The reality is that if you proceed with that uprooting and transplantation, the school will continue to be involved in turmoil and negative publicity resulting from your repudiation of the serious concerns of your present faculty, students and alumni, and other possible controversies. A further consideration is the unjust hardship that would result to the hundreds of students, faculty, staff and alumni, and their families, who committed themselves to AMSL in Ann Arbor without any expectation that the school would be subject to uprooting and transplantation under such conditions. AMSL is not Tom Monaghan’s law school. You both, as well as the Board of Governors, have a serious fiduciary duty not only to AMSL but also to the members of its community.

Again to put it bluntly, your well-intentioned but imprudent subordination, in effect, of the interests of AMSL to another agenda has made such a mess of things that another solution must be sought. I hope you will agree that it is time for you both to sit down with representatives of your AMSL constituencies and develop a

Mr. Thomas S. Monaghan
Dean Bernard Dobranski
May 5, 2006
Page -3-

constructive, friendly resolution under which you would take to Florida the name, Ave Maria School of Law, together with willing faculty, students and staff. An equitable financial settlement could be reached with respect to the Ann Arbor school and the Ave Maria Foundation. The Ann Arbor school would retain its accreditation and would adopt a new name. The result would be a two-fer, with two Catholic law schools instead of one, with one in AMT and the other, financially and organizationally independent, in Ann Arbor. This arrangement would seem to be achievable under ABA regulations. With an equitable arrangement for interim financing, there is very good reason to expect that the Ann Arbor school could be self-sustaining in an acceptable time. Bernie, of course, would retain his position as a tenured member of the faculty of the Ann Arbor school.

Under an arrangement such as this, AMSL would be free to establish itself under that name at AMT and the existing school in Ann Arbor would enjoy restored stability and an unimpeded opportunity to grow. My personal view, incidentally, which I have not cleared with anyone else, is that with Joe Falvey as Dean and Judge James Ryan as Chairman of the Board, the Ann Arbor school would take off like a rocket because of the resulting assurance not only of competence and total integrity but also of the certainty that every decision would be made according to the undiluted criterion of the best interests of the school.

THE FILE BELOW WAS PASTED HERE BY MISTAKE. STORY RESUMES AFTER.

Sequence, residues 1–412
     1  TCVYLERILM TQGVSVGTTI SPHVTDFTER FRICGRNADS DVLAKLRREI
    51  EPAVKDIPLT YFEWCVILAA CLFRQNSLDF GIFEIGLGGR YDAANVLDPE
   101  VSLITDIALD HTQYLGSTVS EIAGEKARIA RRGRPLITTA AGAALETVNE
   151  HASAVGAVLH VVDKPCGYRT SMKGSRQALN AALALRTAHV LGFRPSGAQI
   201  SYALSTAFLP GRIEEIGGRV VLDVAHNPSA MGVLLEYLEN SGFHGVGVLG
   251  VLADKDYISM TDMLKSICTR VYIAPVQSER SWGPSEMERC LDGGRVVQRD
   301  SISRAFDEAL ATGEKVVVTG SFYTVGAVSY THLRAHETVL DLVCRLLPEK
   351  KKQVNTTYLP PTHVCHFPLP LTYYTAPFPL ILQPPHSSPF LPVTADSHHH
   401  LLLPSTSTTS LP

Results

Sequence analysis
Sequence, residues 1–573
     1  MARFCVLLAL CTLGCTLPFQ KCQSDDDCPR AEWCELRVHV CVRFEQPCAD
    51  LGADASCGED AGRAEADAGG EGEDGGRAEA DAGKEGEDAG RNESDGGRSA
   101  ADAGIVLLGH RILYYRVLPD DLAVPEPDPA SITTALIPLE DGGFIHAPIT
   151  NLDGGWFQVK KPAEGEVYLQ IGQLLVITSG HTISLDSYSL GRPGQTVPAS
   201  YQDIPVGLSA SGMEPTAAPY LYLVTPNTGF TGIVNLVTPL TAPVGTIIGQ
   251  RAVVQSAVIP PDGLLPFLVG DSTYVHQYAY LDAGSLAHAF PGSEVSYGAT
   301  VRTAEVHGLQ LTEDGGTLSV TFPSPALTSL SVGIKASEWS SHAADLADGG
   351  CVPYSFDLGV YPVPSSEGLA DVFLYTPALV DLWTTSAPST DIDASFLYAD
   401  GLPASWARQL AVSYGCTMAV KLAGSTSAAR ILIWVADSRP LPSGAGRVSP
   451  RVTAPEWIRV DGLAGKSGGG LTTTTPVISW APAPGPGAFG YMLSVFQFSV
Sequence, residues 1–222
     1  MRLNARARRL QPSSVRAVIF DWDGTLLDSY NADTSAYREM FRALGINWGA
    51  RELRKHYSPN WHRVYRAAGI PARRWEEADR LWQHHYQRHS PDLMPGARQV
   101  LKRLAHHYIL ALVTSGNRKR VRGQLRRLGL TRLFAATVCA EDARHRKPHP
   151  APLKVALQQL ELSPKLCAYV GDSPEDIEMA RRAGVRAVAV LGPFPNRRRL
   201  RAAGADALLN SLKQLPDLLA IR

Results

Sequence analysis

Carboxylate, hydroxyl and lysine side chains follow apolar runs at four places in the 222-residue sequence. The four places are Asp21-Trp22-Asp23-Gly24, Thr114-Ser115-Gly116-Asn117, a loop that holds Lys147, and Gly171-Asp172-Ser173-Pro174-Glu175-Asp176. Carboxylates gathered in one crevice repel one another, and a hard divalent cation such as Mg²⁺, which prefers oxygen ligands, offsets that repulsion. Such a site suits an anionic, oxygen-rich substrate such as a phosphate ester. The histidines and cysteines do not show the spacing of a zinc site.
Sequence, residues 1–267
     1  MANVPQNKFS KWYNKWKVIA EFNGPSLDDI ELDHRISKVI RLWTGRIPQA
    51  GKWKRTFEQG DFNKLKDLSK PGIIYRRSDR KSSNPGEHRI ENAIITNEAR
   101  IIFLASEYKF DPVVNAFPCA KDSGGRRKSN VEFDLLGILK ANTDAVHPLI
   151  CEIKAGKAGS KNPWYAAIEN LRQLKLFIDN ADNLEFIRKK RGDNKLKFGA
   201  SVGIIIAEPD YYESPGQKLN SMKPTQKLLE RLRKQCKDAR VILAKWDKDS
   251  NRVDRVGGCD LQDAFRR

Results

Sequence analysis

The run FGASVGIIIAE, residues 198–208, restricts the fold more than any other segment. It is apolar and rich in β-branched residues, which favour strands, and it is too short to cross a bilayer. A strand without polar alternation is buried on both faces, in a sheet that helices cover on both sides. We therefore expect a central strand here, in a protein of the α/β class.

I present this proposal to you both rather than also to the Board of Governors. I am confident that the Board will agree with whatever Tom decides. The Board confirmed its compliant role when it voted “[u]nanimously” to express its “total confidence” in Bernie on the same day that virtually unprecedented charges were made against Bernie by the faculty who requested a discussion with the Board. The Board rejected the faculty complaint without deigning even to discuss it with the faculty. That act of the Board was, in my opinion, irresponsible and a violation of its duty to the faculty under ABA standards. It was disgusting. Every Governor who voted for that resolution should resign. Incidentally, the Board resolution of approval was described as “[u]nanimously passed at a special meeting,” which apparently was a telephone meeting. I know at least one Governor who declined to vote to support that resolution because that Governor had not heard both sides of the issue.

This letter contains merely my own personal opinions, for which no one else is responsible. I am not sending this letter to the general AMSL list, but I will make it available to interested members of the AMSL community. I hope you will consider this letter in the spirit in which it is written. That spirit is neither combative nor unfriendly. Rather it is one of accommodation. You both, and I, have been involved

Mr. Thomas S. Monaghan
Dean Bernard Dobranski
May 5, 2006
Page -4-

in AMSL virtually from its inception. The differences here are of judgment and any criticisms are of policies or acts rather than of persons. We are accustomed to speak with candor. And you know that the views I have advanced in this letter do not imply that you have done anything except what you perceive to be in the best interests of AMSL. But the fact is that, unless constructive measures are urgently taken to solve the problems your policies have created, the very existence of AMSL, whether in Ann Arbor or AMT, will be gravely imperilled.

The most important suggestion here is that we join in a union of prayer, especially to the Patroness of Ave Maria School of Law, for a successful resolution that will advance the mission of her Son in his Church.

With appreciation and best regards,


Charles E. Rice
Professor Emeritus of Law